Stringer said he is not certain when he became aware of Yamanaka's financial woes. He told her that he could not give her advice about her bankruptcy. Instead, he referred her to his son, Tampa attorney Daryl Stringer. The younger Stringer provided legal representation to Yamanaka, the judge said.
"I know it had to do with her financial problems," he said.
Records show that Stringer bought a home in Honolulu in 2004 for $440,000. Yamanaka alerted him to the home as a potential investment and lived there after he bought it.
She signed a lease and paid rent, Stringer said. He sold the home in December 2006 for $749,000, property records show. He would not discuss how they split the proceeds.
Public relations specialist Bill Frederick, enlisted by the judge to handle media calls spawned by the allegations, said both Stringer and Yamanaka had access to a bank account because of their partnership for the Hawaii home.
Stringer was named to the appellate bench by Gov. Jeb Bush in February 1999.
He was the first African-American student to earn a law degree from Stetson, where the Black Law Students Association in 2005 dedicated the name of its chapter in his honor.
A father of five adult children, he worked as a prosecutor and private attorney before Gov. Bob Graham appointed him in 1984 to serve as a county judge in Hillsborough. Three years later, Gov. Bob Martinez promoted him to the circuit bench.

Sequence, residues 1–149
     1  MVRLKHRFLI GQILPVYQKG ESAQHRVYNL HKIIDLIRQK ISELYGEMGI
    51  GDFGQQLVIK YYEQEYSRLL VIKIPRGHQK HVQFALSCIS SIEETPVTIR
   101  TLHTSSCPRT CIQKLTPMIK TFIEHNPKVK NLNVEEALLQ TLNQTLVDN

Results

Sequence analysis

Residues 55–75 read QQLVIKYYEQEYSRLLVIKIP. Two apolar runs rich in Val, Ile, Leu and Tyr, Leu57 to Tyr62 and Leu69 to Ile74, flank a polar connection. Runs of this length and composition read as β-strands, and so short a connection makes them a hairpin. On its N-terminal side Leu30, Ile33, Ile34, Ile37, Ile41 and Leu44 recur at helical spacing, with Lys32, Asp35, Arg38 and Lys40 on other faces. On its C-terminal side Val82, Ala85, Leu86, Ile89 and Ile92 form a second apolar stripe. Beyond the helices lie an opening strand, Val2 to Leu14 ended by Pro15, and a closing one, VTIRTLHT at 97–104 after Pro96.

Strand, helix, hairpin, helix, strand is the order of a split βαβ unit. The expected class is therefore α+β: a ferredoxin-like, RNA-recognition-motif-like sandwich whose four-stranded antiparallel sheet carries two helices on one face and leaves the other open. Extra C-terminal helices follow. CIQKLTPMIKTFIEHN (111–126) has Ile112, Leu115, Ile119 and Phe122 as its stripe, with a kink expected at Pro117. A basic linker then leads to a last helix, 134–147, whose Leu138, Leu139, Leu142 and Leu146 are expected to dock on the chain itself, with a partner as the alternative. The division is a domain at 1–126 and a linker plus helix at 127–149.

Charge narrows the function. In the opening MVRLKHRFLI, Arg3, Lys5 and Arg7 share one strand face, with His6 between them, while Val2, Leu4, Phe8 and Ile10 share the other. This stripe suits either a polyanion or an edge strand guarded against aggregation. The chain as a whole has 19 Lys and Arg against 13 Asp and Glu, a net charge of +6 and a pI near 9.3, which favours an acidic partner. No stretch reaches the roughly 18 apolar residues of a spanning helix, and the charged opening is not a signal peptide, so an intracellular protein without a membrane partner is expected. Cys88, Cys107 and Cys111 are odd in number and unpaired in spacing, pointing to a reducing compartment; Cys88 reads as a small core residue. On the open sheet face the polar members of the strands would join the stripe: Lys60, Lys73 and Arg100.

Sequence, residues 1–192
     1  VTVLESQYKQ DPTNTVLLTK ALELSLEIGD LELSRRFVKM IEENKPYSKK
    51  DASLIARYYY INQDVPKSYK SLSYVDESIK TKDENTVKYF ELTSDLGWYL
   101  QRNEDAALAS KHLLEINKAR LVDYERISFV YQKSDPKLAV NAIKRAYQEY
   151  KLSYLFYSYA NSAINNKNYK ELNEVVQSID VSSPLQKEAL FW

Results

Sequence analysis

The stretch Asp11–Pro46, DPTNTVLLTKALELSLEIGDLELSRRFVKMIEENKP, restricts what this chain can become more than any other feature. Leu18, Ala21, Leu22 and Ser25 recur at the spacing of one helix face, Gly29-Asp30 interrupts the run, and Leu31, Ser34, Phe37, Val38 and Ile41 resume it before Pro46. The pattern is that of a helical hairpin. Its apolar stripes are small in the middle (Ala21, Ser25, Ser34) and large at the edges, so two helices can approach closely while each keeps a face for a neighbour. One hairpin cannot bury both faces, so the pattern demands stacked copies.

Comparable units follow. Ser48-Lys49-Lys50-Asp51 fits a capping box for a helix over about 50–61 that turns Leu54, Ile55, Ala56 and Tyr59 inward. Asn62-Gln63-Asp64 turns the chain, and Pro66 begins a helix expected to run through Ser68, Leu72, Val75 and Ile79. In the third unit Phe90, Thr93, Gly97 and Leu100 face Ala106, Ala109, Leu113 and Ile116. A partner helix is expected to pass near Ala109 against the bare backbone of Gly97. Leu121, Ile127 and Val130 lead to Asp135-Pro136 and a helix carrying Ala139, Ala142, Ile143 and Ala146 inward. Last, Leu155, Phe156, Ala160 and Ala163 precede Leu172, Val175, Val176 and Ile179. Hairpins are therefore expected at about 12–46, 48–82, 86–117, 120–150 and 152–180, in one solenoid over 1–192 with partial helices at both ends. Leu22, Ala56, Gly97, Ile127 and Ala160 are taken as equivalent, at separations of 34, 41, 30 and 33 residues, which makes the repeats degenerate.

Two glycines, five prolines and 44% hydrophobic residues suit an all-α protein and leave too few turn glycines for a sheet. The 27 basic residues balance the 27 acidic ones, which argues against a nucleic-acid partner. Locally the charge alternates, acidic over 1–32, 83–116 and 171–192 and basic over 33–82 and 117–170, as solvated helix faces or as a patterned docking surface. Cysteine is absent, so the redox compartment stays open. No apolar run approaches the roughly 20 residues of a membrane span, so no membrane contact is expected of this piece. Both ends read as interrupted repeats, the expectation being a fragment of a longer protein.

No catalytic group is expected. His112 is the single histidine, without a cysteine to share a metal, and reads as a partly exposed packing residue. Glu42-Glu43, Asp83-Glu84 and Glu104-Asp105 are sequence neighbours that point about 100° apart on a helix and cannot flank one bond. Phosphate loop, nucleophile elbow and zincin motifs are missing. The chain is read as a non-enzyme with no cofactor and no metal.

He hears appeals from a 14-county district. He recently was the dissenting voice in a 2-1 decision that overturned the conviction of Michael Mordenti, accused of carrying out a 1989 murder-for-hire plot.
"He is a top-notch professional," said 2nd DCA Chief Judge Stevan T. Northcutt. "I have deep respect for him professionally and as a co-worker."
Two years ago, voters retained Stringer for another six-year term.
Judicial canons call for judges to be scrupulous about their finances. Helping someone avoid creditors would constitute an ethical violation, if not make a judge an accomplice to a crime, said Christopher Slobogin, a law professor at the University of Florida.
"That would be a problem for a judge if this turns out to be true," Slobogin said. "They need to bend over backward to avoid situations that appear compromising."
Yamanaka told WFLA reporter Steve Andrews that she deposited the money she earned stripping in Las Vegas and New York into ATMs in those cities, using an ATM card the judge gave her.
The judge would not discuss any bank accounts. In the past 10 years, he said, he has seen Yamanaka in person "probably twice," instead talking mostly by phone.
Since last spring, she has lived in a New York City apartment leased under Stringer's name. He said he assisted her with the lease because of her bad credit and has had to pay the $1,600 monthly rent on two or three occasions.
"I was just helping a friend," he said. But, he added, "I do not intend to renew the lease."
Times staff writers Michael Van Sickler, Justin George, Janet Zink and researchers Caryn Baird, Will Short Gorham and Angie Drobnic Holan contributed to this report. Colleen Jenkins can be reached at firstname.lastname@example.org or 813 226-3337.